The arrival of 2019 heralds a singular historical moment. Later this year, Americans and others around the world will mark the 50th anniversary of the first human landing on the moon. It happened on July 20, 1969, when a module that was part of the Apollo 11 mission touched down on the Sea of Tranquility, allowing astronauts Neil Armstrong and Buzz Aldrin to set foot on the lunar surface.
It was a huge accomplishment hailed across the globe, and an LSU graduate had a big hand in making it possible. Or so we were reminded by a recent letter to the editor from Howard Franques, a retired lawyer in Lafayette. Franques pointed out that Max Faget, who earned a degree in mechanical engineering from LSU in 1943, helped design the spacecraft that made the Apollo landings on the moon possible. Franques suggested that a statue of Faget should be erected at LSU. That would be a tall order to accomplish this year, but it would be particularly notable if such an honor happened in 2019, as a landmark anniversary of the moon landing gets so much attention.
Faget’s work at NASA was indeed impressive, and we don’t have to take Franques’ word for it. As the Encylopedia Britannica notes, Faget was “an American aerospace engineer who made major contributions to the design of the Mercury, Gemini, and Apollo spacecraft and to the space shuttle.” In 1961, after President John F. Kennedy announced his commitment to landing a man on the moon, Faget became the chief engineer for the effort. In 1969, Faget led the preliminary design team for a reusable spacecraft, which became the space shuttle. He oversaw the shuttle’s development until its first test flights in 1981. The space shuttle had another important connection to Louisiana because of the construction of its fuel tanks at the Michoud Assembly Facility in New Orleans.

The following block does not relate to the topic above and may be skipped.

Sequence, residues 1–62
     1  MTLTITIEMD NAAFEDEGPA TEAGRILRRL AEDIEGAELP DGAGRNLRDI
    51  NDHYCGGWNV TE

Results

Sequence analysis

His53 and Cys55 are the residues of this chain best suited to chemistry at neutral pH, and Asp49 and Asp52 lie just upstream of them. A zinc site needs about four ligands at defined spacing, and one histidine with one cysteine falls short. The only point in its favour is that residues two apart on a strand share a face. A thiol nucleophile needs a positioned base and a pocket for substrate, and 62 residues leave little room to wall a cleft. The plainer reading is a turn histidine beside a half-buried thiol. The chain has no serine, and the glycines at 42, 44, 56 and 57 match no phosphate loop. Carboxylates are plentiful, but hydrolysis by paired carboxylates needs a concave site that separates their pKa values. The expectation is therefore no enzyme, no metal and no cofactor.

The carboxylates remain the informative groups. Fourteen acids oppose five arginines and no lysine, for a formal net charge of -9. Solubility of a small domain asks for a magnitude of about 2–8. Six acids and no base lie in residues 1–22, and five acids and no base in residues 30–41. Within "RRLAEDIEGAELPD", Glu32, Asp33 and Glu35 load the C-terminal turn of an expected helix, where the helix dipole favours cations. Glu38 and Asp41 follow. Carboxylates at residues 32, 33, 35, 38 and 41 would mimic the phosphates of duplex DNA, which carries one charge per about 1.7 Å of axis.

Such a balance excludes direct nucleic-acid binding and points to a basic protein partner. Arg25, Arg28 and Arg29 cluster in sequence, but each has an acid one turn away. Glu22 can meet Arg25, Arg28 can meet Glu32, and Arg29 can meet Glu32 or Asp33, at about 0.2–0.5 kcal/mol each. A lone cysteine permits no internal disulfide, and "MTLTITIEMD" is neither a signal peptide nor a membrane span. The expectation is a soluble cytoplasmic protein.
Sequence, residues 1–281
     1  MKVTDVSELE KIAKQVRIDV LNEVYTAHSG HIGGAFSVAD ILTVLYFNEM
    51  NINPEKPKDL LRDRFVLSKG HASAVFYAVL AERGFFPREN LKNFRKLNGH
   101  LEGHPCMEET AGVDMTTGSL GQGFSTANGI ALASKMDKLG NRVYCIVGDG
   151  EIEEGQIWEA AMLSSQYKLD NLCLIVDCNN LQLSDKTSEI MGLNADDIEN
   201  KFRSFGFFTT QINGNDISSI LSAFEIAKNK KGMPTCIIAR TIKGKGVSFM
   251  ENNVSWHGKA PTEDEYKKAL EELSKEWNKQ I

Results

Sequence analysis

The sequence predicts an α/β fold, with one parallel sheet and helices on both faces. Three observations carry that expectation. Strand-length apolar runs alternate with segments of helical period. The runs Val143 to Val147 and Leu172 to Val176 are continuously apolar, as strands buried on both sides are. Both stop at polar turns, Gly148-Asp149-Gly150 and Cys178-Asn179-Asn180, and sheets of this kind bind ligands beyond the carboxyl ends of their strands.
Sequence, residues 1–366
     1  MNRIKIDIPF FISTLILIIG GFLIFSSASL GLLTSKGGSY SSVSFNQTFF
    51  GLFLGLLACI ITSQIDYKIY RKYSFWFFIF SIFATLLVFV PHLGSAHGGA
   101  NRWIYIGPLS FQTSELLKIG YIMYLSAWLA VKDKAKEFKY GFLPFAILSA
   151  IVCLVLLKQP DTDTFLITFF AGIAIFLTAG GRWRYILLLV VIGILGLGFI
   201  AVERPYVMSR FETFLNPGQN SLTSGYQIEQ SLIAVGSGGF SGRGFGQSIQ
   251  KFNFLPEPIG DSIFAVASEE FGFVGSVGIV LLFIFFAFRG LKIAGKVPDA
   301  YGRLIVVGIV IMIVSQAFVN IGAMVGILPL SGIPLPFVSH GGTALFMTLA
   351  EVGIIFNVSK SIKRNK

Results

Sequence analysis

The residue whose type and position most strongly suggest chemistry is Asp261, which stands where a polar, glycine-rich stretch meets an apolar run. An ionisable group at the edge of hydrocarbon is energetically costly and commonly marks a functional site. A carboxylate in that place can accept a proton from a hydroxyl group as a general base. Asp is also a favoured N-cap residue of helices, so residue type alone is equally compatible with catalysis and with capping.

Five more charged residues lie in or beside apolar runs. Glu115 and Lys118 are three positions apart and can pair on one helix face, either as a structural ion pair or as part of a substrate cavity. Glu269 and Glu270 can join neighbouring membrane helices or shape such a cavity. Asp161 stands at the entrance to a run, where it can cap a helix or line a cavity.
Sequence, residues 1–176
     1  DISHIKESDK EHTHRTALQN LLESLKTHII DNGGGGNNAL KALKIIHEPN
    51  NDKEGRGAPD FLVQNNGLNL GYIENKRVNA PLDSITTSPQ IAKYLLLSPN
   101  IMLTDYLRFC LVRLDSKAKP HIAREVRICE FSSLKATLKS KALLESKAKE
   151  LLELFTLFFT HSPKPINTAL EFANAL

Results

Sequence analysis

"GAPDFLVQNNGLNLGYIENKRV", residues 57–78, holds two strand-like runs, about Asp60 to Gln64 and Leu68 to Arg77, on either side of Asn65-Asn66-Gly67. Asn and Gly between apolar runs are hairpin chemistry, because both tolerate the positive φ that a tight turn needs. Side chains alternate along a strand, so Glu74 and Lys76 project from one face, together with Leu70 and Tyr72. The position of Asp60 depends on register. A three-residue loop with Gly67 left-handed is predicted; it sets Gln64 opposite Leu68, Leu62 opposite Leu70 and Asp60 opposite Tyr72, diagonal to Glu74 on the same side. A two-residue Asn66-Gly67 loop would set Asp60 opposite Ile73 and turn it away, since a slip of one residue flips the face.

Faget retired from NASA in 1981, but he remained active in space exploration. He died in 2004 at 83.
“Faget is the LSU graduate who has made the greatest contribution to the advancement of the human race and yet, very few people know who he was and what he achieved,” Franques noted in his letter. “LSU has honored several athletes and one U.S. senator with statues, but no academics. A Max Faget statue would inform and inspire students, alumni and visitors to the campus, letting them know who this man was and what he did to drive the world forward into a new dimension.”
It’s an intriguing idea, and we hope LSU and its supporters explore it.